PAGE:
But then it did.



If this is how Paul Merson reacted I would love to know what I looked like. If I could buy the CCTV footage from Guildford Council I would. Because I went absolutely mental. Fists pumping in the air, yelling out, jumping around. I must have looked like one crazy fucker. I could see people looking at me and I didn’t care. ‘Fuham are still alive’ I shouted at one bloke who turned to his wife and said ‘I think something must have happened in the football’. He was right. Oh yeah!!!!!



Several wild and wide-eyed phonecalls to various members of the family ensued. I’ve never sworn more to my mum in my life. She in turn has never sworn so much in her life as she recounted the story to my sister.

I also tried to call Tom back but his phone wasn’t working. I later found out that his screaming had woken up his whole apartment block and he’d managed to smash his phone in the process of celebrating. But he did manage to leave this message on my phone which pretty much sums up all the above in four words. (Press download and turn the volume on your computer UP!)



All of which means Fulham go into our game on Saturday with Birmingham still in with a chance of a ridiculously great escape. A win there and we really could be within touching distance of safety.

So only time will tell whether Guildford will remain close to mine and Fe’s hearts (she’s still waiting to hear whether she got a recall). But I doubt whether those who walked past my one man goal celebration antics will ever forget where they were that day.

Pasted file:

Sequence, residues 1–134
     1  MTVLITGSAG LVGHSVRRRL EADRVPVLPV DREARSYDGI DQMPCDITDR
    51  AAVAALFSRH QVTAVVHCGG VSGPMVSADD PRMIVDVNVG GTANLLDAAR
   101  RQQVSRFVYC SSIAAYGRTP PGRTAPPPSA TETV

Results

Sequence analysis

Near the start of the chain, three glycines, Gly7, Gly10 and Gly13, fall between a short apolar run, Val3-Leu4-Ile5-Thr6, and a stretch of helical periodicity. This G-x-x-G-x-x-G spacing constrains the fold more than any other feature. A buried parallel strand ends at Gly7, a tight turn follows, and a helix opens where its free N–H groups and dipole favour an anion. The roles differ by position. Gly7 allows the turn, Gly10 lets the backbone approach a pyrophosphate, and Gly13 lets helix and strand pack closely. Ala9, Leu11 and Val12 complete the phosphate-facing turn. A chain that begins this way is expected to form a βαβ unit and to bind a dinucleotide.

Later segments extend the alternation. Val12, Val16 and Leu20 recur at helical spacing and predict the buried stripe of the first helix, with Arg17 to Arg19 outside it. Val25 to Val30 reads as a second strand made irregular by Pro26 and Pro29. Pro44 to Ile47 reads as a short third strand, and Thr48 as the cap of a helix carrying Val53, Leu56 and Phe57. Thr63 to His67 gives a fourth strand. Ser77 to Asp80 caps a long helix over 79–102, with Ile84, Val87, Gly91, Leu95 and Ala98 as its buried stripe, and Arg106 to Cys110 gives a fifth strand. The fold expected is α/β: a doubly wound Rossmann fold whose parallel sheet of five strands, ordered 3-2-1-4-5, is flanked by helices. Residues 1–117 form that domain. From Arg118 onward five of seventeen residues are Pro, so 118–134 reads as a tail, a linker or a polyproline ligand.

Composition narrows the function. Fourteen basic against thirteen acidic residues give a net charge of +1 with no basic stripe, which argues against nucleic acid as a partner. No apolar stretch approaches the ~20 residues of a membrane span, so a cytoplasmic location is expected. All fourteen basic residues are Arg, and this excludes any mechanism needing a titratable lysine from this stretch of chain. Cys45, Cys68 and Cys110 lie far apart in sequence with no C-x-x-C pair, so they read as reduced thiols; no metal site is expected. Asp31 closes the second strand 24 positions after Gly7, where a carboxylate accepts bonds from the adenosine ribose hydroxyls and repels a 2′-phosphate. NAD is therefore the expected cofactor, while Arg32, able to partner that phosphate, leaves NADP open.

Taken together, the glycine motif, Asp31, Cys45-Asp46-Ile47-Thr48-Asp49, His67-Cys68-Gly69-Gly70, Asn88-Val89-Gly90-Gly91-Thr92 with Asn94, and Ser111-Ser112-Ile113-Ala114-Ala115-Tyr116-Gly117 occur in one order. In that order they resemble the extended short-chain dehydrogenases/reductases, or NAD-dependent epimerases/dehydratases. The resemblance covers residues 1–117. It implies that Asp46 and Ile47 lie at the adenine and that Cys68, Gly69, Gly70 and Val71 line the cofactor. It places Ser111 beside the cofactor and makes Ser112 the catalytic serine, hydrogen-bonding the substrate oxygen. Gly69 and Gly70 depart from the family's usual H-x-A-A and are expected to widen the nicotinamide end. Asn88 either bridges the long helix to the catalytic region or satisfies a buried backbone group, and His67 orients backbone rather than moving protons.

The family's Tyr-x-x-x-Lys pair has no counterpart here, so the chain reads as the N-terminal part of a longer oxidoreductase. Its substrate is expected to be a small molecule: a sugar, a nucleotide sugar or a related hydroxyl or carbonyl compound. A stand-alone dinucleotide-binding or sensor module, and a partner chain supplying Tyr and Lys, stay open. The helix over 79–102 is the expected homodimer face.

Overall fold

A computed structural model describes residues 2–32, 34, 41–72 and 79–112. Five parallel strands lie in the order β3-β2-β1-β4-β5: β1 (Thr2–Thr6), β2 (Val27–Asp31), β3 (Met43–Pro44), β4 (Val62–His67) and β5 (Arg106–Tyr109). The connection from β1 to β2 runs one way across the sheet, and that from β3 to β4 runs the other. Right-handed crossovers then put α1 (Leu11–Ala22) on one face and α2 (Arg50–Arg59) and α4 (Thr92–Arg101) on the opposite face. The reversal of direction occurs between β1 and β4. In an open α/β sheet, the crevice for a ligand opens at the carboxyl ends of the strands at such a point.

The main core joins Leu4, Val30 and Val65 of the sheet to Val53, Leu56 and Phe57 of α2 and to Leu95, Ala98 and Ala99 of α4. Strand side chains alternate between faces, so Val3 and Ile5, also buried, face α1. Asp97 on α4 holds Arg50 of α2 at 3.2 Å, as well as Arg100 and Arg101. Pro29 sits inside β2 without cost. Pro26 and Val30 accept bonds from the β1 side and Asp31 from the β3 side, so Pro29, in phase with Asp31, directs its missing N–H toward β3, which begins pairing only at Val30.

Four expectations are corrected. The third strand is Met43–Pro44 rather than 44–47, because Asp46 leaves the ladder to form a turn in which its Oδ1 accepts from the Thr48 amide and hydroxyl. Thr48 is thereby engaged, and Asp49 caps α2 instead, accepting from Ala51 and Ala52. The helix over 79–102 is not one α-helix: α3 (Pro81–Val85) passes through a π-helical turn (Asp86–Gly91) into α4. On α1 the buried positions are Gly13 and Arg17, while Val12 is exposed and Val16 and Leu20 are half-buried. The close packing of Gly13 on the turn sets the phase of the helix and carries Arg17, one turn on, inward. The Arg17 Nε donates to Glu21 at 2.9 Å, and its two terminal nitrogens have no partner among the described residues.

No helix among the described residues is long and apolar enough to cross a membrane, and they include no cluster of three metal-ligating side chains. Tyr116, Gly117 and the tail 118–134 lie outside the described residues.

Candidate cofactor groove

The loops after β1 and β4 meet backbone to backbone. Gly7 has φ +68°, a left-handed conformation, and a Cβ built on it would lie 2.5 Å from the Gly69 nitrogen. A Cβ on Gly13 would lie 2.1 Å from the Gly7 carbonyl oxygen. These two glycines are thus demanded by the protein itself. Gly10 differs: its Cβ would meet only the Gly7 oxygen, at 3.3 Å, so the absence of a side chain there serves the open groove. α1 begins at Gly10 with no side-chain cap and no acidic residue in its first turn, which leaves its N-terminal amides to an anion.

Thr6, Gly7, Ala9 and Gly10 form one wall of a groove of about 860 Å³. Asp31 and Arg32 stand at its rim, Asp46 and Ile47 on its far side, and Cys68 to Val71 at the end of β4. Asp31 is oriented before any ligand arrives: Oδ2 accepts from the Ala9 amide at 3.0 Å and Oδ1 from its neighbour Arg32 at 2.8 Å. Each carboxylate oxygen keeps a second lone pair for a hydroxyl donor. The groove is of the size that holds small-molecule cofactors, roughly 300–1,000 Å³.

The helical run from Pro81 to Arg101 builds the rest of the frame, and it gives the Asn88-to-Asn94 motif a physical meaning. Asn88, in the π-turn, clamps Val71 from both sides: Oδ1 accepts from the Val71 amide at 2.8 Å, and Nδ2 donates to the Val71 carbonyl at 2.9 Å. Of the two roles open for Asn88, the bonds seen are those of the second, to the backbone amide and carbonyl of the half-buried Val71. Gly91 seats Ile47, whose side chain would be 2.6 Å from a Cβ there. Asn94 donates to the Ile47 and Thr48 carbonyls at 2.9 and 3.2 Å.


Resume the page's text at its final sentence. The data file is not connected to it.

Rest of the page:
Friday, 25 April 2008

Location, Location, Location

There are three things that make long trips abroad worthwhile. There’s the planning. There’s the going. And there are the great memories that make you want to do it all over again. Coming back does suck though.

The planning

What I love most about going away is all the excitement I get from the build up. The delirious sense of the unknown that comes with planning a big journey is enough to keep anyone daydreaming through the most mundane tube journey. You’re not just paying for a holiday you’re affording unlimited feel good moments as at any point you can cast your mind forward to adventures ahead and transport yourself to wherever you want to be.

In some ways the planning is the best part. I absolutely love the feeling I get when I type a country or city name into Google and find out it’s absolutely nowhere near where I thought it was. I can’t think of many better ways to spend a day than working out the best route from Wellington to Napier, researching where to spend a five-day stop off in Kuala Lumpar, paying for internal Aussie flights six months before you leave England, keeping to yourself the fact that you thought Auckland was the capital of New Zealand, working out exchange rates are nearly always favourable to the pound, typing out an itinerary and spending weeks filling in the blanks, and it’s pure daydreaming heaven when you can lean back in your chair and let your mind boggle at the prospect of all those hilarious moments and laughs you’re going to experience along the way.

The going

Looking over my top ten photos from Australia I’m struck by how few of them feature examples of the numerous mind-jolting & wondrous landscapes on offer throughout the country. Instead of Uluru I’ve gone for a photo of Tom jumping into a swimming pool. Instead of a picture of the Opera House I’ve chosen one featuring three mates asleep at the cricket.

http://fourmoretotheengland.blogspot.com/2007/04/top-ten-photographs-0607.html

And the same is pretty much true of the photographs I’ve selected from my New Zealand/Australia trip. Of the ten, six were taken in New Zealand, four in Australia, and only one is taken in any of the stunning locations I visited whilst away.